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The First Art Newspaper on the Net    Established in 1996 Tuesday, May 28, 2024
 
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Making sense of the spring art auctions

In a photo provided by Christie's shows, Georgina Hilton, the auctioneer at Christie’s, opened the sale for the Rosa de la Cruz art collection on Tuesday, May 14, 2024. Although a cyberattack hobbled its website, the auction house held two major sales, totaling $115 million, on Tuesday night. One expert praised the evening’s “really respectable sales in a difficult environment.” (via Christie's via The New York Times)

NEW YORK, NY.- When Christie’s executives decided on the evening of the auction house’s contemporary art sales to withdraw its most expensive offering of the week, a squiggly-wiggly painting by Brice Marden estimated to sell for $30 million to $50 million, it was evidence of apprehension in the market. “The choice to withdraw the Marden was ours,” Alex Rotter, a Christie’s specialist, told reporters last Tuesday night. “It wasn’t Brice’s evening and we’re not willing to jeopardize the market of an artist like that.” In other words, just two days into a week of marquee spring sales that ended Saturday, there was already a bad vibe. The art market’s greatest weaknesses ... More


The Best Photos of the Day






A city with a medieval history of killing cats now celebrates them   Morphy's June 11-12 Fine & Decorative Arts Auction crowned by magnificent Tiffany Studios 'Peony' lamp   Works by Agnes Pelton, Rembrandt Peale and Joseph Leyendecker lead Heritage to $4.3 million American Art auction


Lily, 7, sells cat ears and other feline souvenirs outside her family’s shop along the parade route at Kattenstoet, a cat-themed parade and festival in Iepers, Belgium, May 12, 2024. (Kevin Faingnaert/The New York Times)

NEW YORK, NY.- A 7-year-old girl hawks cat-themed souvenirs in Flemish outside her parents’ shop. Two women in matching cat print dresses wander down a crowded street looking for a place to buy stuffed plush kitties. In every store and restaurant window, ... More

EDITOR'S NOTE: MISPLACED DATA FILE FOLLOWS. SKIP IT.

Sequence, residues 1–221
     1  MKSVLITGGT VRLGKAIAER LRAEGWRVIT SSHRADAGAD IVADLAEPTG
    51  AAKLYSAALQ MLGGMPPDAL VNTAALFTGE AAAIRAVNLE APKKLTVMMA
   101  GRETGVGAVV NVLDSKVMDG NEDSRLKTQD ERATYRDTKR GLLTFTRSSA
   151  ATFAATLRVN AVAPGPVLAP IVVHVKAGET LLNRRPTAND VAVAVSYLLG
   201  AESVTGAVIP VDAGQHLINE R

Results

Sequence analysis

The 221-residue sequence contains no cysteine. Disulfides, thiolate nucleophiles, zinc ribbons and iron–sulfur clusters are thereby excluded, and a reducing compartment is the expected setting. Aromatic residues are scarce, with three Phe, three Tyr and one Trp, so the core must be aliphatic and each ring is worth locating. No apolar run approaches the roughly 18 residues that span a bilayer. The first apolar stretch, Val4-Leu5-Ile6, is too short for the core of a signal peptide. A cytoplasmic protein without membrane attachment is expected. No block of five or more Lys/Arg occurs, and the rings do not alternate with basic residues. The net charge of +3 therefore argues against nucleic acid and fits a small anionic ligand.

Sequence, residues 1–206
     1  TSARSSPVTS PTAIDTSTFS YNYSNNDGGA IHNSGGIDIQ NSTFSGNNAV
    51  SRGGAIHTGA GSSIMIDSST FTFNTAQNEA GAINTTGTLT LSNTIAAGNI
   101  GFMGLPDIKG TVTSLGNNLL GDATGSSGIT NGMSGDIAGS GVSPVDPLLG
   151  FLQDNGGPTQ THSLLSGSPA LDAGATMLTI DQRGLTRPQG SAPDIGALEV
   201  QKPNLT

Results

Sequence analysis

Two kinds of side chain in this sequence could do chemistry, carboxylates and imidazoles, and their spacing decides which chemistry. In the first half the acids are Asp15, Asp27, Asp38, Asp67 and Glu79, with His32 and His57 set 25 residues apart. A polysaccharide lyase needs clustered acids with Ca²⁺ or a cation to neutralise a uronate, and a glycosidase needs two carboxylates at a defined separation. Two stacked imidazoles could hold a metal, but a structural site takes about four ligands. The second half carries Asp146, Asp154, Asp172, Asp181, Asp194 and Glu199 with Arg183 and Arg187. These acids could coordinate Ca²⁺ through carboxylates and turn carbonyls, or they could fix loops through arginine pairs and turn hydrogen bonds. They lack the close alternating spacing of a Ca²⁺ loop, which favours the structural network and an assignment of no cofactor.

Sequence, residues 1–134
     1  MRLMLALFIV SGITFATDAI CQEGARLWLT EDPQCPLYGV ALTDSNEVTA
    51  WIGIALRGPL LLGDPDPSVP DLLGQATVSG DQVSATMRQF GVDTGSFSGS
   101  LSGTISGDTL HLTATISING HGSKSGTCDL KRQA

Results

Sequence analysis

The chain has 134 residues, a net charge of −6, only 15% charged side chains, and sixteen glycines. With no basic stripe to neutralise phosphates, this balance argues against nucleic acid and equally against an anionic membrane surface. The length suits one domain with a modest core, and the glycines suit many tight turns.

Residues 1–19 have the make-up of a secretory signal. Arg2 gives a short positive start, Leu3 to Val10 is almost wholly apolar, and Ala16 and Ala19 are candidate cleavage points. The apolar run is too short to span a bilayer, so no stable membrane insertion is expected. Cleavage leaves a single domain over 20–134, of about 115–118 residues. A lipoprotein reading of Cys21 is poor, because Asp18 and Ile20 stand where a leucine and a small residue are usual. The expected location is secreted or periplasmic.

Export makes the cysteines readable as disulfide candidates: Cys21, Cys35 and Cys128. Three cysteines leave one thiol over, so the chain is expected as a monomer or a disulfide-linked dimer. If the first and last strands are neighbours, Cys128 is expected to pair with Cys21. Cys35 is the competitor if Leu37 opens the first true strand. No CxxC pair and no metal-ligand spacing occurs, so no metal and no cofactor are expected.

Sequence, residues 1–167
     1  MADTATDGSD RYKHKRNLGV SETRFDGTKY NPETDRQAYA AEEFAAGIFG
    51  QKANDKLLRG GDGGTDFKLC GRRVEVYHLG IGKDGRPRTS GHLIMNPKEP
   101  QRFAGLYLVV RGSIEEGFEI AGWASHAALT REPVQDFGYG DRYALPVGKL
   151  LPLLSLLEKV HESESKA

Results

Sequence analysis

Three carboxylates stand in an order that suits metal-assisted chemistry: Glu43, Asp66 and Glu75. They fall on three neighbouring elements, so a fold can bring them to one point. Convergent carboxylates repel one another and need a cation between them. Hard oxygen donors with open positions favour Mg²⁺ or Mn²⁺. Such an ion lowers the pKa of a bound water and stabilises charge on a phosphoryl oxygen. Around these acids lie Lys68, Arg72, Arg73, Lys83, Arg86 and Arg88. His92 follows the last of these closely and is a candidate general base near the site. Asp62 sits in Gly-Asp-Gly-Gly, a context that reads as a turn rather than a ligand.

Tiffany Studios ‘Peony’ leaded-glass lamp with multicolored background of mottled cobalt blues and streaked sky blues. Estimate: $100,000-$150,000.

DENVER, PA.- Exquisite jewelry and watches, 35 pieces of early Amphora pottery, and 25 exceptional Tiffany Studios lamps lead the select array of fine and decorative art to be auctioned by Morphy’s on June 11-12, 2024. All items in this sale – from breathtaking diamonds and Rolex watches to antique ... More
 

Rembrandt Peale (American, 1778-1860), Portrait of George Washington, 1857. Oil on canvas, 36 x 29 inches.

DALLAS, TX.- On May 15, Heritage Auctions continued to prove its strength in the American Art category with a tightly curated event that saw a number of works by America's beloved artists sell for far above their estimates. It also broke an artist auction record and landed a freshly discovered Agnes Pelton painting in new hands. The May 15 American ... More



Now open: "Theaster Gates: The Gift and the Renege" at Contemporary Arts Museum Houston   Re-creating Amy Winehouse's look on screen   Harry Cooper takes on new role as Bunny Mellon Curator of Modern Art at The National Gallery of Art


Installation view of Theaster Gates: How to Sell Hardware at Gray Warehouse, 2021. Image courtesy of Theaster Gates Studio.

HOUSTON, TX.- Theaster Gates: The Gift and The Renege is now open at Contemporary Arts Museum Houston through October 20, 2024, featuring new and recent large-scale paintings, sculptures, and installations that highlight the seen and unseen dynamics of historically marginalized ... More
 

Marisa Abela, who plays Amy Winehouse in the new biopic “Back to Black,” in Los Angeles, April 30, 2024. (Philip Cheung/The New York Times)

LONDON.- Few looks are as distinctive as Amy Winehouse’s was. The singer’s sweeping eyeliner, tottering heels and disheveled beehive are still instantly recognizable, 13 years after her death. In the new biopic “Back to Black,” Marisa Abela plays the star from the beginning of her music career until her final ... More
 

Harry Cooper. Photo: National Gallery of Art.

WASHINGTON, DC.- The National Gallery of Art announced that Harry Cooper, head of the department of modern and contemporary art, will step down after 16 years in the role. Cooper will remain on our staff in a newly endowed position, the Bunny Mellon Curator of Modern Art, thanks to the generous gift of the Gerard B. Lambert Foundation. As the inaugural Bunny Mellon Curator of Modern ... More